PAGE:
In this 1931 photo, the "Lighthouse" designation appears above the door of the airway station at Elko, Nevada.
Keeping the airways in operating condition was always a demanding task, but not without its lighter moments. Technician "Dusty" Rhodes is shown relaxing beside his truck in this photo from the late 1930s. He is wearing the uniform of airway station keepers during that era.
In the late 1920s, the Aeronautics Branch began establishing a new type of navigational aid, the low frequency radio range (LFR), also know as the four-course radio range. This type of facility could provide guidance even when poor visibility made light beacons useless.
By comparing two coded signals generated by an LFR, pilots could tell whether they were drifting to the left or right of an airway. For those flying on course, the two signals merged into a single tone. The range shown above, at Northway, Alaska, was the last LFR to continue in operation. (National Archives photo)
By the time the Northway range fell silent in 1974, a new type of navigation facility had long dominated the airways: the Very High Frequency Omnidirectional Radio Range (VOR). Based on technology developed during World War II, the VOR enabled the pilots of instrument-equipped planes to determine their position more efficiently. The Civil Aeronautics Administration commissioned the first VOR in 1947, and three years later opened the first "Victor" airways based on chains of the facilities. Modernized versions of these navigation aids still guide pilots to their destinations.
In 1927, the Aeronautics Branch took over 17 aeronautical radio stations from the Post Office Department. The Branch soon began to establish more of these facilities, which served as gathering points for data on weather and flights to be used in briefing pilots. The stations transmitted this information along the airways by radio and later by teletype via ground lines.
At right is the St. Louis Airway Radio Station during the late 1920s or early '30s. Barely visible in the photo is the wire strung between the tops of its twin antenna towers. During this era, some stations were making hourly weather broadcasts. When needed for safety, they also accepted messages from the airlines and transmitted them to pilots aloft.
The photo at left shows the interior of the Airway Radio Station at Portland, Oregon, about 1929. Carl Anderson examines a strip of the code in which the station operators made most of their transmissions during this period.
The view at right dates from about 1940, when the evolving facilities were known as Interstate Airway Communication Stations (INSACs). Women often staffed the stations, particularly during the World War II era.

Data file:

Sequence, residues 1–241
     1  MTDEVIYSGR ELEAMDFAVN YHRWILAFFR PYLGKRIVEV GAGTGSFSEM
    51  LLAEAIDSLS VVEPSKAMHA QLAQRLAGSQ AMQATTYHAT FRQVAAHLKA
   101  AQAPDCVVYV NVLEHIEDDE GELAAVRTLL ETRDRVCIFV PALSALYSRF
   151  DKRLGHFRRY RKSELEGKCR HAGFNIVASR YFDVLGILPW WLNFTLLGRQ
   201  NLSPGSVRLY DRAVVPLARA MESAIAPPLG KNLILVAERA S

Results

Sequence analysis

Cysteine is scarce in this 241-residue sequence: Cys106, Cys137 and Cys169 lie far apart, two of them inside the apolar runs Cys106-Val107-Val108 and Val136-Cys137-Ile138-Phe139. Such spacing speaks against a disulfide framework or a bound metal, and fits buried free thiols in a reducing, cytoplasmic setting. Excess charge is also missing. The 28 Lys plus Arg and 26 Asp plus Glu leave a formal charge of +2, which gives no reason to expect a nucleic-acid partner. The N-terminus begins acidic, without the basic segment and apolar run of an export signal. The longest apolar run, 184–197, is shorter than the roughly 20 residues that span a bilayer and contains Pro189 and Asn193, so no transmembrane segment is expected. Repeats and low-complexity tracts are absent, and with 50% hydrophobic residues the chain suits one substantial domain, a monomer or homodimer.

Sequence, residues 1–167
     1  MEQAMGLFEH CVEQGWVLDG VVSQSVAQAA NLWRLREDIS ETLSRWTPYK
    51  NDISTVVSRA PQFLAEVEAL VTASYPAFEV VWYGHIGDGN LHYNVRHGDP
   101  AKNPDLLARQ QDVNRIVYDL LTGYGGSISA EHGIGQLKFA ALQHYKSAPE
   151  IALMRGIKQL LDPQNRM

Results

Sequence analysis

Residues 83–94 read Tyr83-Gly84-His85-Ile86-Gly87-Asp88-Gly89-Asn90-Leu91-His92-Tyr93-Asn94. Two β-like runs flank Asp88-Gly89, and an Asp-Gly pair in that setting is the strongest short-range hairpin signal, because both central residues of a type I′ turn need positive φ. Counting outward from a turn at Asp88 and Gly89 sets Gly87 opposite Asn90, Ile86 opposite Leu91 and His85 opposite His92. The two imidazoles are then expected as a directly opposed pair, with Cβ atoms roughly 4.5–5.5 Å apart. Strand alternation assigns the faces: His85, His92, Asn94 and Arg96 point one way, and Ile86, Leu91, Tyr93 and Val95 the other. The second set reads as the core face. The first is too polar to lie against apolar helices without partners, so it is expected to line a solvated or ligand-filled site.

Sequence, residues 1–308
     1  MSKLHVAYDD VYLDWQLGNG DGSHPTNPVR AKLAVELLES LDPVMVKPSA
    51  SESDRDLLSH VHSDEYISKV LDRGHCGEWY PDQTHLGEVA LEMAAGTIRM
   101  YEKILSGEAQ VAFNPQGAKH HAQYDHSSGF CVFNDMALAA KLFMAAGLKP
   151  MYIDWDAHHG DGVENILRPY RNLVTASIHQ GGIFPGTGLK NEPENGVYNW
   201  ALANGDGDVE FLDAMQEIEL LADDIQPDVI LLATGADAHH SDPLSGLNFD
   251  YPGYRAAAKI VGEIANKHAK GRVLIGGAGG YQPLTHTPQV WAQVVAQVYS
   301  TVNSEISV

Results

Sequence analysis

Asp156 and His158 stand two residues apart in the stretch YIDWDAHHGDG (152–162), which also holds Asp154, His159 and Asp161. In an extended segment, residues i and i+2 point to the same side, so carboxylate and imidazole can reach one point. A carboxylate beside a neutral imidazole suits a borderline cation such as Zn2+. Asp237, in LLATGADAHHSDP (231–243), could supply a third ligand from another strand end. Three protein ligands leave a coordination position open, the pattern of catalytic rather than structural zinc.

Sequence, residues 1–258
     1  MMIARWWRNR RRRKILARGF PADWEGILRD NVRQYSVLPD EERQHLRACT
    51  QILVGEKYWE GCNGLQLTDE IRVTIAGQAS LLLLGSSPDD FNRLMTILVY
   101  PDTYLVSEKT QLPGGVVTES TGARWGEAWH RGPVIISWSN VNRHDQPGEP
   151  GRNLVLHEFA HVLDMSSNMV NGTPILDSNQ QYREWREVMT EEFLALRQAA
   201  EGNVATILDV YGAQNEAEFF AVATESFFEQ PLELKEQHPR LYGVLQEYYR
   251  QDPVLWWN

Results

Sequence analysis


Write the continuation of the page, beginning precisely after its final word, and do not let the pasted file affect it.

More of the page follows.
The names, procedures, and equipment of the facilities continued to change with the advance of technology. Today's Automated Flight Service Stations have inherited their mission of keeping pilots abreast of safety-related information.
In 1927, the Aeronautics Branch acquired this De Haviland D.H.4b, a former mail plane. The numeral on its tail indicates that this was probably the first aircraft to receive a registration number from the Branch. (The letter "N" had been assigned to the United States by international agreement in 1919.)
Standing next to the aircraft is William P. MacCracken, Jr., Assistant Secretary of Commerce for Aeronautics. To the right is Clarence Young, who was MacCracken's deputy and later his successor as head of the Aeronautics Branch. (National Archives photo)
The Aeronautics Branch used most of its fleet for aerial inspection of navigation aids, a function that has continued to the present day.
One such aircraft was the Stearman C-3B biplane, shown at left in 1929 or 1930. (Museum of Flight photo)
Another early example of the Aeronautics Branch aircraft is this Bellanca Pacemaker E. The Branch bought nine of this type in 1929, and assigned five to the Airways Division. For a history of flight inspection, see Scott A. Thompson's book Flight Check!, an FAA publication.
The third head of the Aeronautics Branch, Eugene L. Vidal, is flanked by President Franklin D. Roosevelt (left) and Secretary of Agriculture Henry A. Wallace (right). The photograph was taken in 1933 at the President's favored spa in Warm Springs, Ga.
During Vidal's tenure, the Aeronautics Branch was renamed the Bureau of Air Commerce on July 1, 1934. The new name more accurately reflected the status of the organization within the Department of Commerce. The Bureau remained aviation's safety regulator until the creation of the Civil Aeronautics Authority in 1938.